Children are expensive.
That’s pretty obvious!
The food and toys. All those gorgeous little outfits to buy. The new bedroom furniture, pram and carrier. Let alone all the extras, to keep baby calm, occupied and sleeping through the night.
But what about the hidden costs?
You’re going to need to take some time off. And let’s be honest – it’d be nice to actually spend some time with your little one (or you’d have got a cat instead).
There’s NO maternity leave for business owners.
So unlike your friends in the corporate world, no-one will pay you to stay at home with your baby. You’ll need to find your own way to pay your bills and make the check book balance (so to speak).
Yes, you can apply for a maternity grant – but at a maximum of £151.20 a week (some only get £27 a week) it’s not going to go far.
Which might mean you end up having to go back to work, before you really want to.
So here’s my #3 top tips – to make starting a family AND your business work financially!
1. Build your savings pot while you’re pregnant.
Ideally, starting before you even get pregnant – so that by the time baby comes along, you have a pot of money you can use to help ensure the bills are paid (and to top up your partner’s income, if that’s the case for you).
I did this when expecting my daughter. Although I was employed at the time, my husband earned about 1/3 what I did.
I took 6 months maternity leave and I LOVED it! But there’s no way I could have taken that time out, if I didn’t already have £5k saved up (and 52 packs of baby wipes stashed away in the bathroom).
2. Pension contributions
While you’re on a lower income, you might choose to stop or pause the contributions into your personal pension.
It can seem like a good idea at the time – a way to free up another £300-400 a month, to have more cash to spend now.
The problem is that it can be REALLY hard to restart them.
Not physically – the process is usually quite easy for you or your financial adviser to do.
But guess what happens?
Once your children come along, maybe you find your working hours and income change long-term. And there never seems to be a good time to restart.
“I’ll pay into my pension again once she starts nursery / goes to school” etc.
But then another baby comes along. You decide to move house; build an extension; replace your car; take another family holiday. And before you know it, the kids are heading off to secondary school.
12 years is a LONG time to not make any contributions into your pension pot.
As the Telegraph put it:
“…but they risk a ‘pregnancy penalty’ of almost 300% – losing out on as much as £247,000 at retirement, as family get put first”
Even if you just take 5 years out, this is from the Times:
“Millions of women who take a five-year career-break when having children will be £65,500 worse off in retirement, researchers say.”
So if at all possible, keep your pension contributions going.
If you’ve built up some savings within your business, you’ll have enough to still pay your salary AND your pension contributions for at least 3-6 months.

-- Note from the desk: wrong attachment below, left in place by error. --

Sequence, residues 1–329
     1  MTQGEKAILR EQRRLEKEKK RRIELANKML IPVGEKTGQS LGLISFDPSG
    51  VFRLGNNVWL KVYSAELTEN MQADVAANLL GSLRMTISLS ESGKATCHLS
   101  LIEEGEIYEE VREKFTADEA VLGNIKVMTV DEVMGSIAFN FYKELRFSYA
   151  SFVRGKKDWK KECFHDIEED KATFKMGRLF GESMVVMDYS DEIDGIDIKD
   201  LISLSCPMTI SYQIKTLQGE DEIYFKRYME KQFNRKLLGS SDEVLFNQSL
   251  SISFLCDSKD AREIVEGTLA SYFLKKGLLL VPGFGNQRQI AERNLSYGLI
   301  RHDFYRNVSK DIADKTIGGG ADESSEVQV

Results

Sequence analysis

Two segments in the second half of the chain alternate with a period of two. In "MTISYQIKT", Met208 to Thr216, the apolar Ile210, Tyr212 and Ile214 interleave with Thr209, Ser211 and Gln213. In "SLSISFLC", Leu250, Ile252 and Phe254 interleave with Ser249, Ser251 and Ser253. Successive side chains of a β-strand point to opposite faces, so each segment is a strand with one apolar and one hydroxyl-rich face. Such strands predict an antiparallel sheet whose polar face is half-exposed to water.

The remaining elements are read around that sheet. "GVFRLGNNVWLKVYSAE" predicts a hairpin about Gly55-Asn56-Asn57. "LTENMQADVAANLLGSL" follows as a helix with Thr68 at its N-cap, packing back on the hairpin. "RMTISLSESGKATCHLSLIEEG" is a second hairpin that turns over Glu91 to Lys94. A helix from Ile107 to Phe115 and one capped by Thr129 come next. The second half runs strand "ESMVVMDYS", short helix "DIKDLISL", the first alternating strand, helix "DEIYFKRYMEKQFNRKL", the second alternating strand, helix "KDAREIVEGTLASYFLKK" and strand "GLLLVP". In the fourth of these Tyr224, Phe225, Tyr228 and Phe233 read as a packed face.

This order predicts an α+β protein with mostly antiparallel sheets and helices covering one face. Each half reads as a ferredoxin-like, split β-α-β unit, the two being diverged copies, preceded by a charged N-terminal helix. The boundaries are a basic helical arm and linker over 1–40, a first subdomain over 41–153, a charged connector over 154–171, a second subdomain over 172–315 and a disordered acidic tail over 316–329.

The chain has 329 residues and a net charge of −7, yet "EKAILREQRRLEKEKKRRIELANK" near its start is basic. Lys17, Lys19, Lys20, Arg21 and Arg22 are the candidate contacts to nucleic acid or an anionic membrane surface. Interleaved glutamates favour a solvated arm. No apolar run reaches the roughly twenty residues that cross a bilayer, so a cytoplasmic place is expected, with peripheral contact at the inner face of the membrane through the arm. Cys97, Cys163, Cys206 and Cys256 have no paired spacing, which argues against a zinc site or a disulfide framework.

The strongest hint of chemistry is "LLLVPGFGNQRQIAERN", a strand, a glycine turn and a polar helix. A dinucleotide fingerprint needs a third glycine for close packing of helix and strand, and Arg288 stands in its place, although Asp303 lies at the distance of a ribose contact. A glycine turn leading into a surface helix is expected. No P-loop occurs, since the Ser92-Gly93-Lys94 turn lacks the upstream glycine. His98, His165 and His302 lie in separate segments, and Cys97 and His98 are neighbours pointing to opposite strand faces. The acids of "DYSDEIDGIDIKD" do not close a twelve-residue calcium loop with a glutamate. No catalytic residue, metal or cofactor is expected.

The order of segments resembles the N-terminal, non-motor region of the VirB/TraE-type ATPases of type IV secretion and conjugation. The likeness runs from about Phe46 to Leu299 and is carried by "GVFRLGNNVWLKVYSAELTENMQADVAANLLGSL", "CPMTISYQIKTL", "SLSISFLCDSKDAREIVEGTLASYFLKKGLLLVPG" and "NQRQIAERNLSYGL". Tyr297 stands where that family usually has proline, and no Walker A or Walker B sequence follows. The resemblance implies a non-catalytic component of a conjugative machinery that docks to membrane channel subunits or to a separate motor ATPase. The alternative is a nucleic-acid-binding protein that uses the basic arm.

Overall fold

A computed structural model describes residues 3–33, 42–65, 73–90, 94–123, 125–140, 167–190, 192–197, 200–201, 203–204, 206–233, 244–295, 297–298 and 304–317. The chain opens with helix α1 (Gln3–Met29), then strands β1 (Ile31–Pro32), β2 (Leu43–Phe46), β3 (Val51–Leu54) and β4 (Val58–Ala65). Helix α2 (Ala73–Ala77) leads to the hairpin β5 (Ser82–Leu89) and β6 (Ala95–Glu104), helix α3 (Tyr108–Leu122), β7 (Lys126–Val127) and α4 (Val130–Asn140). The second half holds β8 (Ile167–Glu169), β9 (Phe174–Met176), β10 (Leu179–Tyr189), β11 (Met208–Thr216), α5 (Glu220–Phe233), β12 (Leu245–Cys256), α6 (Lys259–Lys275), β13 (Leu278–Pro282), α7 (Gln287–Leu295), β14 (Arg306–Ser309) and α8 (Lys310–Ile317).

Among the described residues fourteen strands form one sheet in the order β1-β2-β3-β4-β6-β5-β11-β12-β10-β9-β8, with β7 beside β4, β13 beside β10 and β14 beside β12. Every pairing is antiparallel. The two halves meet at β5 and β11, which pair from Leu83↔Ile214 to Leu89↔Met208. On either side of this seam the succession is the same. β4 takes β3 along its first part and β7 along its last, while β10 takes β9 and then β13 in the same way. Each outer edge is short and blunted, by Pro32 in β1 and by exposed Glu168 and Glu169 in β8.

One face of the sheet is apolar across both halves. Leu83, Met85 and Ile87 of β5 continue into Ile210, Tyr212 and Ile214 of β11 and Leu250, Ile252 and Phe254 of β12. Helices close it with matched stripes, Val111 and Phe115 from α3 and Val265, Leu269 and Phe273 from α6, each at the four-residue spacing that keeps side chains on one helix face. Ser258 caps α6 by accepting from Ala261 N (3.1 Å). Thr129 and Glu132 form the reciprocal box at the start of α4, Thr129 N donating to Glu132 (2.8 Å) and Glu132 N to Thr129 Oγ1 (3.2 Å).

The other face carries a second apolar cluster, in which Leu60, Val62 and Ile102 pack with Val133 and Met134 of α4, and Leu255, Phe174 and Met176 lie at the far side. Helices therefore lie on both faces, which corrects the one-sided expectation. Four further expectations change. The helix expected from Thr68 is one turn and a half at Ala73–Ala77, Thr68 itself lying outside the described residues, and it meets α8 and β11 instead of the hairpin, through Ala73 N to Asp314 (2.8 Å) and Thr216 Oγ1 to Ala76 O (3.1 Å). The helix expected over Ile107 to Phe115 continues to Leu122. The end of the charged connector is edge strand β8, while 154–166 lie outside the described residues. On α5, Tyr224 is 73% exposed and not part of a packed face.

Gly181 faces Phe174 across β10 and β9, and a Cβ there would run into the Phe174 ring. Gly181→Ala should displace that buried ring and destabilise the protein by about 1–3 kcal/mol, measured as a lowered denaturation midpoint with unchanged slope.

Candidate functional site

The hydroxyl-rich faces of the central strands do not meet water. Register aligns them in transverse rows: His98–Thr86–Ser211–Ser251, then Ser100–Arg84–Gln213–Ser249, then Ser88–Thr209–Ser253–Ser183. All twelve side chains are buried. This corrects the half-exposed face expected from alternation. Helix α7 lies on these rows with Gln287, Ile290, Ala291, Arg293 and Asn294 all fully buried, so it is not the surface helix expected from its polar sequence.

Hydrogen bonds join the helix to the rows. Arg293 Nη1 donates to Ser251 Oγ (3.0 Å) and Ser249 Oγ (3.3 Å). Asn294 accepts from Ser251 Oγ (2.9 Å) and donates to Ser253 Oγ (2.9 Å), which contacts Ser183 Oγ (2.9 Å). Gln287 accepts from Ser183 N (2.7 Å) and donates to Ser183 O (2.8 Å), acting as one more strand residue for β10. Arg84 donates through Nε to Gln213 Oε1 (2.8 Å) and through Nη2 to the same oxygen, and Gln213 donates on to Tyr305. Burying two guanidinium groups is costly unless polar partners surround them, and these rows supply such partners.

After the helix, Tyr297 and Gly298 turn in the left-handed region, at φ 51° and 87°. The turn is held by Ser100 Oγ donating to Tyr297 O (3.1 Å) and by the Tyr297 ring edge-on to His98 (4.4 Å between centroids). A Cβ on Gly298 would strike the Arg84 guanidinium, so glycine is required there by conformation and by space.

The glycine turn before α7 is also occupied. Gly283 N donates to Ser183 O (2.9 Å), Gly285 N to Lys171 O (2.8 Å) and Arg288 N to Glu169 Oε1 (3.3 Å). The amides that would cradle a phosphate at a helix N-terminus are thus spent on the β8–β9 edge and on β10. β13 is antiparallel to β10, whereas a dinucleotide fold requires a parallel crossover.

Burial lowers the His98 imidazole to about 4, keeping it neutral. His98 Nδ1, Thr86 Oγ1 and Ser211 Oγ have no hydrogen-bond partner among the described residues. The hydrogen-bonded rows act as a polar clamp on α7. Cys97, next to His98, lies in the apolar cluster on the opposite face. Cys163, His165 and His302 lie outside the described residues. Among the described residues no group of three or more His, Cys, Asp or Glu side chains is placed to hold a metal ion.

If not, then factor this in when figuring out how big your baby fund pot needs to be (here’s my last blog, for more on this!). HYPERLINK UNDERLINED TO BLOG #1 ABOVE
Having both been through this myself and worked with so many women in business, over the last 12 years…
Please don’t kid yourself that you can work from home as normal, with a baby there too.
I know lots of women feel pressure from their families to NOT pay for childcare. You work from home – you can just work when baby’s asleep? Right?
This comes from a misconception that working for yourself is easy. That having your own business is less demanding (mentally and time-wise) then working in a corporate career or leaving the house, to do a 9-5 job.
It’s a complete lie. You and I both know it (even if your mother doesn’t ‘get’ it).
Most business owners put in just as many hours as their salaried counterparts. If not more, especially in the early years or if you’ve got big plans for your business.
You simply CANNOT work with any sense of stability or focus, if you’re trying to snatch hours at your desk as and when baby sleeps.
That’s assuming you’re not desperate for a nap too – babies are exhausting in the early months (let alone getting a moment’s peace once they’re toddlers!).
You may be lucky and have a partner who can take on some of the childcare. But that doesn’t necessarily solve the problem either.
You and I both know that to do your work and make money, you need to be able to focus. It’s hard not to go in and see what they’re up to – especially if you can hear your baby crying, which they all do – no matter how good the other parent is. It can all cause issues and tears when you need to go ‘back to work’.
A better solution may be a grandparent, if they live near enough to have your little one at their house.
But you NEED to have proper, distraction-free workspace (and head space) for at least a few hours a week.
So build some nursery or childminder costs into your budget.
Even 4-6 hours a week can make a massive difference to your productivity and allow you to be YOU (and not mummy) for just a few hours a week.
Like most things in your business, having a plan and knowing the purpose of each pound you make and spend is the key.
So if you’d like some help with creating a plan, so you can pause to have a baby – here’s where you can reach me and find out more about working together.
Do get in touch, I’ve been there personally and helped so many women make starting a family AND running their business work.
Would love to help!